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Notice of Intent, Pursuant to the Authority in Section 2(h)(7) of the Commodity Exchange Act and Commission Rule 36.3(c)(3), To Undertake a Determination Whether the Henry Financial LD1 Fixed Price Contract Traded on the IntercontinentalExchange, Inc., Performs a Significant Price Discovery Function

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Commodity Futures Trading Commission.

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Notice of action and request for comment.


The Commodity Futures Trading Commission (“CFTC” or “Commission”) is undertaking a review to determine whether the Henry Financial LD1 Fixed Price contract traded on the IntercontinentalExchange, Inc. (ICE), an exempt commercial market (“ECM”) under sections 2(h)(3)-(5) of the Commodity Exchange Act (“CEA” or the “Act”), performs a significant price discovery function. The Commission is undertaking this review based upon its evaluation of information provided by the ICE, as well as a Commission report on ECMs. Authority for this action is found in section 2(h)(7) of the CEA and Commission rule 36.3(c) promulgated thereunder. In connection with this evaluation, the Commission invites comment from interested parties.


Comments must be received on or before July 13, 2009.


Comments may be submitted by any of the following methods:

  • Follow the instructions for submitting comments. Federal eRulemaking Portal:
  • E-mail: Include ICE Henry Financial LD1 Fixed Price Contract in the subject line of the message.
  • Fax: (202) 418-5521.
  • Mail: Send to David A. Stawick, Secretary, Commodity Futures Trading Commission, Three Lafayette Centre, 1155 21st Street, NW., Washington, DC 20581.
  • Courier: Same as mail above.

All comments received will be posted without change to​.

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Gregory K. Price, Industry Economist, Division of Market Oversight, Commodity Futures Trading Commission, Three Lafayette Centre, 1155 21st Street, NW., Washington, DC 20581. Telephone: (202) 418-5515. E-mail:; or Susan Nathan, Senior Special Counsel, Division of Market Oversight, same address. Telephone: (202) 418-5133. E-mail:

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I. Introduction

On March 16, 2009, the CFTC promulgated final rules implementing provisions of the CFTC Reauthorization Act of 2008 (“Reauthorization Act”) [1] which subjects ECMs with significant price discovery contracts (“SPDCs”) to self-regulatory and reporting requirements, as well as certain Commission oversight authorities, with respect to those contracts. Among other things, these rules and rule amendments revise the information-submission requirements applicable to ECMs, establish procedures and standards by which the Commission will determine whether an ECM contract performs a significant price discovery function, and provide guidance with respect to compliance with nine statutory core principles applicable to ECMs with SPDCs. These rules became effective on April 22, 2009.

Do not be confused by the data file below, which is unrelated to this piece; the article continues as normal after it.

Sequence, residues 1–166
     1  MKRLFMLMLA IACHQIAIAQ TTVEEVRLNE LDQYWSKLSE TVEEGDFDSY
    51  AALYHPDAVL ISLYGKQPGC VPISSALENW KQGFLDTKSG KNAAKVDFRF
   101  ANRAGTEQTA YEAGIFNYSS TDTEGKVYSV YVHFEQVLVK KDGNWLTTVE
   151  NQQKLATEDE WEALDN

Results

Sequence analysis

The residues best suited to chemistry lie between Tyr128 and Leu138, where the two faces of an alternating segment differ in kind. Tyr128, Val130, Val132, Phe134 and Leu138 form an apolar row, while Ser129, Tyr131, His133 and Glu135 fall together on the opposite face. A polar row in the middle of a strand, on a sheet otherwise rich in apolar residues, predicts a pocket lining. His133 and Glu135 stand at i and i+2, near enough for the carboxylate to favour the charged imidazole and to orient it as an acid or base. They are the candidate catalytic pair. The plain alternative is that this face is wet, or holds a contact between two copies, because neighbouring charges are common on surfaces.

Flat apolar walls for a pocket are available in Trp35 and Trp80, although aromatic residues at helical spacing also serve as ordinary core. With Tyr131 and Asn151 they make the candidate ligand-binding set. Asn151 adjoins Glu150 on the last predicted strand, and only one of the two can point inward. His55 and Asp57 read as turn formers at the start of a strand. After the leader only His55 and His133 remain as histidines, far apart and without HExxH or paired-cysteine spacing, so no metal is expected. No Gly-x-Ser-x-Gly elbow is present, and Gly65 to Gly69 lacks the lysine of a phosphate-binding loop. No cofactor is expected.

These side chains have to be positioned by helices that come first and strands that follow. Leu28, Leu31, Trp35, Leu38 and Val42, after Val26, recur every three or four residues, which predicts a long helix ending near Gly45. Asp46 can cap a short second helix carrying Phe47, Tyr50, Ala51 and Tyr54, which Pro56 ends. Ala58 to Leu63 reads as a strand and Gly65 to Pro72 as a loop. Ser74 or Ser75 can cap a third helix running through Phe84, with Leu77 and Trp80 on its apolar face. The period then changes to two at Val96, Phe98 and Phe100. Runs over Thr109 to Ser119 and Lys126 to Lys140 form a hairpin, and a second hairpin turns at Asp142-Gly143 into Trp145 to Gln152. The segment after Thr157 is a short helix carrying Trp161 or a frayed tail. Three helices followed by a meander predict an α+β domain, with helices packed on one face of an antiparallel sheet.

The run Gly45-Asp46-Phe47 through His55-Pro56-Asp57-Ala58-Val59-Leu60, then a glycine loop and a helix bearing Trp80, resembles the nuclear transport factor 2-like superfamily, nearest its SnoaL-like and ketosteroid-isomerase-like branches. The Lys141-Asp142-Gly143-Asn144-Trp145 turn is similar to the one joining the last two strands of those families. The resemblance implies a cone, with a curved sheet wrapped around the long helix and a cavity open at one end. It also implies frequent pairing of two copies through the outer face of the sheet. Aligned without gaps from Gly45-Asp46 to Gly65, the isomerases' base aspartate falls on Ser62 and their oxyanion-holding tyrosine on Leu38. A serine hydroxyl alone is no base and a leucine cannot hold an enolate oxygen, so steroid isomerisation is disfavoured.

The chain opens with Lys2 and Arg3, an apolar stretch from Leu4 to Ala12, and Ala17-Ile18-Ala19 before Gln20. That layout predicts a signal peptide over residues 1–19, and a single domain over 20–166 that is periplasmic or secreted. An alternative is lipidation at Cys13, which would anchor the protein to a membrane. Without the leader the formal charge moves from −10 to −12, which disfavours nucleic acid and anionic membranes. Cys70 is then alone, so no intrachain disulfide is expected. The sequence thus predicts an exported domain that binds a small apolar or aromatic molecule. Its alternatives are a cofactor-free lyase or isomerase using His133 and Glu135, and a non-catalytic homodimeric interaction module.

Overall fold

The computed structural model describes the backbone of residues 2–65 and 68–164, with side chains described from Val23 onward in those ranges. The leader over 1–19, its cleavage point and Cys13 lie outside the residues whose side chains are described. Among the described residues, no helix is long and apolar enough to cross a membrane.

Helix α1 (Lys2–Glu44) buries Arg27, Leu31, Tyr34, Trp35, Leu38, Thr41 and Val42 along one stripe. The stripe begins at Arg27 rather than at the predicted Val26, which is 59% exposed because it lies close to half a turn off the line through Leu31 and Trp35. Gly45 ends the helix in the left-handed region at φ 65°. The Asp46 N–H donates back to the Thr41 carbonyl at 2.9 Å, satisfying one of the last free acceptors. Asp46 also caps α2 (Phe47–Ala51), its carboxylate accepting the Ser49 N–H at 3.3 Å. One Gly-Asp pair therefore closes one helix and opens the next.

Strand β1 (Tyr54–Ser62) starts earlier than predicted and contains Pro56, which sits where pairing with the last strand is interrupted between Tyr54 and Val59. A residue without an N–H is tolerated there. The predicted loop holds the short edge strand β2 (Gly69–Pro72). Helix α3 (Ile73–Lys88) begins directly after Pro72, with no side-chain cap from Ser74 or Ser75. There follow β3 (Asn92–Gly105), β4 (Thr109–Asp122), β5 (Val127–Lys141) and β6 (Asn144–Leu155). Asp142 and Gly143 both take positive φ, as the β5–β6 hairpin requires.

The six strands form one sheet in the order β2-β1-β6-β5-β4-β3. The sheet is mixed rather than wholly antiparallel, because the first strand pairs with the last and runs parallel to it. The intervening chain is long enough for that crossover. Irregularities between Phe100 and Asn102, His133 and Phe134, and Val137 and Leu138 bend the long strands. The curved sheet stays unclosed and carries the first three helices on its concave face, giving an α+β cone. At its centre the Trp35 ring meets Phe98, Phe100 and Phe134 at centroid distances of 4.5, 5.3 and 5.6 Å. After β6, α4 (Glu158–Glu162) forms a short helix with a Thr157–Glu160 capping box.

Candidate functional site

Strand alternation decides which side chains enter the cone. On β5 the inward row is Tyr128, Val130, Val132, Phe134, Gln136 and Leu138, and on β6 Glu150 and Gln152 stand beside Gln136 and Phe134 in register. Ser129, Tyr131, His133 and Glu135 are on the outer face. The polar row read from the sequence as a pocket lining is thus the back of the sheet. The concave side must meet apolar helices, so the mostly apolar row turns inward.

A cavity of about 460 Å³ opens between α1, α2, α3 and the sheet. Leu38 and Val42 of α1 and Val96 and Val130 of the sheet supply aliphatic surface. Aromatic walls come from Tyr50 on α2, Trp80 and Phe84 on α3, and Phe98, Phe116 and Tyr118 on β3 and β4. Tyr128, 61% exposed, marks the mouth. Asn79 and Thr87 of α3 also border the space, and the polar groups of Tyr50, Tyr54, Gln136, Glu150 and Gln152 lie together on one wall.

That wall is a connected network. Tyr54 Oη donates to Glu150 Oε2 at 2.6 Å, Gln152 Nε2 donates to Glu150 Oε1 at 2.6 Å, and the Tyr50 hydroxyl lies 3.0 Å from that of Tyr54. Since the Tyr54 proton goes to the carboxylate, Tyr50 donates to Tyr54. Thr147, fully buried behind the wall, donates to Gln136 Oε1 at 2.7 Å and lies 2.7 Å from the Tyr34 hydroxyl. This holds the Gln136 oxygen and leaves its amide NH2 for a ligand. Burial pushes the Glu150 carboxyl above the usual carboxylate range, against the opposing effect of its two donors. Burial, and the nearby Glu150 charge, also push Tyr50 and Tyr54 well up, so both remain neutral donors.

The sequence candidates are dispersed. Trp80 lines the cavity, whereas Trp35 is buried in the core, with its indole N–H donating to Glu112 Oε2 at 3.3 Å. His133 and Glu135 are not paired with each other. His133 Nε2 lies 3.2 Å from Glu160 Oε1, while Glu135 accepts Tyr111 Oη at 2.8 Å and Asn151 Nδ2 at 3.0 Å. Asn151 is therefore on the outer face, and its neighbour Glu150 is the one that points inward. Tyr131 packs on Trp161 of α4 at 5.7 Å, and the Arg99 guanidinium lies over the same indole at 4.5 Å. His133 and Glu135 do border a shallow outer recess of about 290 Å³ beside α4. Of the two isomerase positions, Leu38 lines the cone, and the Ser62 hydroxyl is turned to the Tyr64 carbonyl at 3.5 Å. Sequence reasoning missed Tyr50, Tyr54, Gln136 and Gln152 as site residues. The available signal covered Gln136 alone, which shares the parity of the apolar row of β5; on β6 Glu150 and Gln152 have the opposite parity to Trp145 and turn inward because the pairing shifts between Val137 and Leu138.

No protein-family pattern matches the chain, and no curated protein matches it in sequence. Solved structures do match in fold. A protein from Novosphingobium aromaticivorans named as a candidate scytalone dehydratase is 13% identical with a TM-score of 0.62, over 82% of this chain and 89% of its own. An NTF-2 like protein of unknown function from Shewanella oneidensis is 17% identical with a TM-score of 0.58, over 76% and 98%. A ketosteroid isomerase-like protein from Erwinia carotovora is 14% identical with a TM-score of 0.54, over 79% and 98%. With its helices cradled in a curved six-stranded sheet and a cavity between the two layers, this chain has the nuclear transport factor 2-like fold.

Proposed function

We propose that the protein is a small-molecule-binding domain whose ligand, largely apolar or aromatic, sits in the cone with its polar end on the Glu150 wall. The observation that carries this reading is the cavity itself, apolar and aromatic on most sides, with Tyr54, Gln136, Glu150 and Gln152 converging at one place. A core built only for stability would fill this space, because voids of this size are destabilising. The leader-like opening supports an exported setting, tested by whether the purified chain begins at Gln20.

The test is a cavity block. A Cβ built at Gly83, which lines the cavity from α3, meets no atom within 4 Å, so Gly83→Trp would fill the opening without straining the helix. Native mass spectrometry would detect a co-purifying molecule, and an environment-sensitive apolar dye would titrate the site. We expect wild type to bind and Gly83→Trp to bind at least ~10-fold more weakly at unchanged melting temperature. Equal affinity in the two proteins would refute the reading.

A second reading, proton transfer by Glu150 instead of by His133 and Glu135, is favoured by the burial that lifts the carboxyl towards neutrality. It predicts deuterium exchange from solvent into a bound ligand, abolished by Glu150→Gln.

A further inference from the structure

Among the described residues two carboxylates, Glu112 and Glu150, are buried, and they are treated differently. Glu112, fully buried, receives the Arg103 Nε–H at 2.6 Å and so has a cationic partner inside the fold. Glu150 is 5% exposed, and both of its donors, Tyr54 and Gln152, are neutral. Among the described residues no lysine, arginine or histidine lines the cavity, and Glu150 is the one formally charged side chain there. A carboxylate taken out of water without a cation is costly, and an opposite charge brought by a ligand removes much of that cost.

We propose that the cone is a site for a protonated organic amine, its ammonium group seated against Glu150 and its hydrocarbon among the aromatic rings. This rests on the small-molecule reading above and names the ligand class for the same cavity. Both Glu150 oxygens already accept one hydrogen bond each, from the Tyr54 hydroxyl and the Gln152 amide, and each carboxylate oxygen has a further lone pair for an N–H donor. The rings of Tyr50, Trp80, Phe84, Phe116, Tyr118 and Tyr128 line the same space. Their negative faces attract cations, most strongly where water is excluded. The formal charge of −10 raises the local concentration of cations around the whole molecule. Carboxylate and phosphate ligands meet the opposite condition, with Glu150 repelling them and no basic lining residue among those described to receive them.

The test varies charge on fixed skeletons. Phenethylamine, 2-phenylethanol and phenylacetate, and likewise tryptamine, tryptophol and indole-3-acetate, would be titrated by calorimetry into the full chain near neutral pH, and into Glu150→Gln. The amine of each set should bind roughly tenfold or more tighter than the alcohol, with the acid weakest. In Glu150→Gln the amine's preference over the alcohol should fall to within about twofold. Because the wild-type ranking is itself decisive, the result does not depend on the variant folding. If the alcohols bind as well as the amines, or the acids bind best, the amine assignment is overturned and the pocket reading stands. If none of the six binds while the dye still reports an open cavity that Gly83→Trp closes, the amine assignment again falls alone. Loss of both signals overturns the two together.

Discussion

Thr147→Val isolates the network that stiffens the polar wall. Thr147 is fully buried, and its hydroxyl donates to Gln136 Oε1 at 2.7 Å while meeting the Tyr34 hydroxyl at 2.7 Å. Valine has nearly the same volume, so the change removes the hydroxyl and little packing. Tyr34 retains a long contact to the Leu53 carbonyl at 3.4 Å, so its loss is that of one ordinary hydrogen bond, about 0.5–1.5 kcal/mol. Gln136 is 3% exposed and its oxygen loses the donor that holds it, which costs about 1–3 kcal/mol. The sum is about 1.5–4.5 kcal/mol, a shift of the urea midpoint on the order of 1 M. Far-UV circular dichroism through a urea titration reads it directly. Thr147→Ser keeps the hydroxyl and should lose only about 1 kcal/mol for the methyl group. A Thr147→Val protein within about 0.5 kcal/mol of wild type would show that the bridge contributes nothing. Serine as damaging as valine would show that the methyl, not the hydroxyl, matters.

In determining whether an ECM's contract is or is not a SPDC, the Commission will consider the contract's material liquidity, price linkage to other contracts, potential for arbitrage with other contracts traded on designated contract markets or derivatives transaction execution facilities, use of the ECM contract's prices to execute or settle other transactions, and other factors.

In order to facilitate the Commission's identification of possible SPDCs, Commission rule 36.3(c)(2) requires that an ECM operating in reliance on section 2(h)(3) promptly notify the Commission and provide supporting information or data concerning any contract: (i) That averaged five trades per day or more over the most recent calendar quarter; and (ii) (A) for which the ECM sells price information regarding the contract to market participants or industry publications; or (B) whose daily closing or settlement prices on 95 percent or more of the days in the most recent quarter were within 2.5 percent of the contemporaneously determined closing, settlement or other daily price of another agreement.

II. Determination of a SPDC

A. The SPDC Determination Process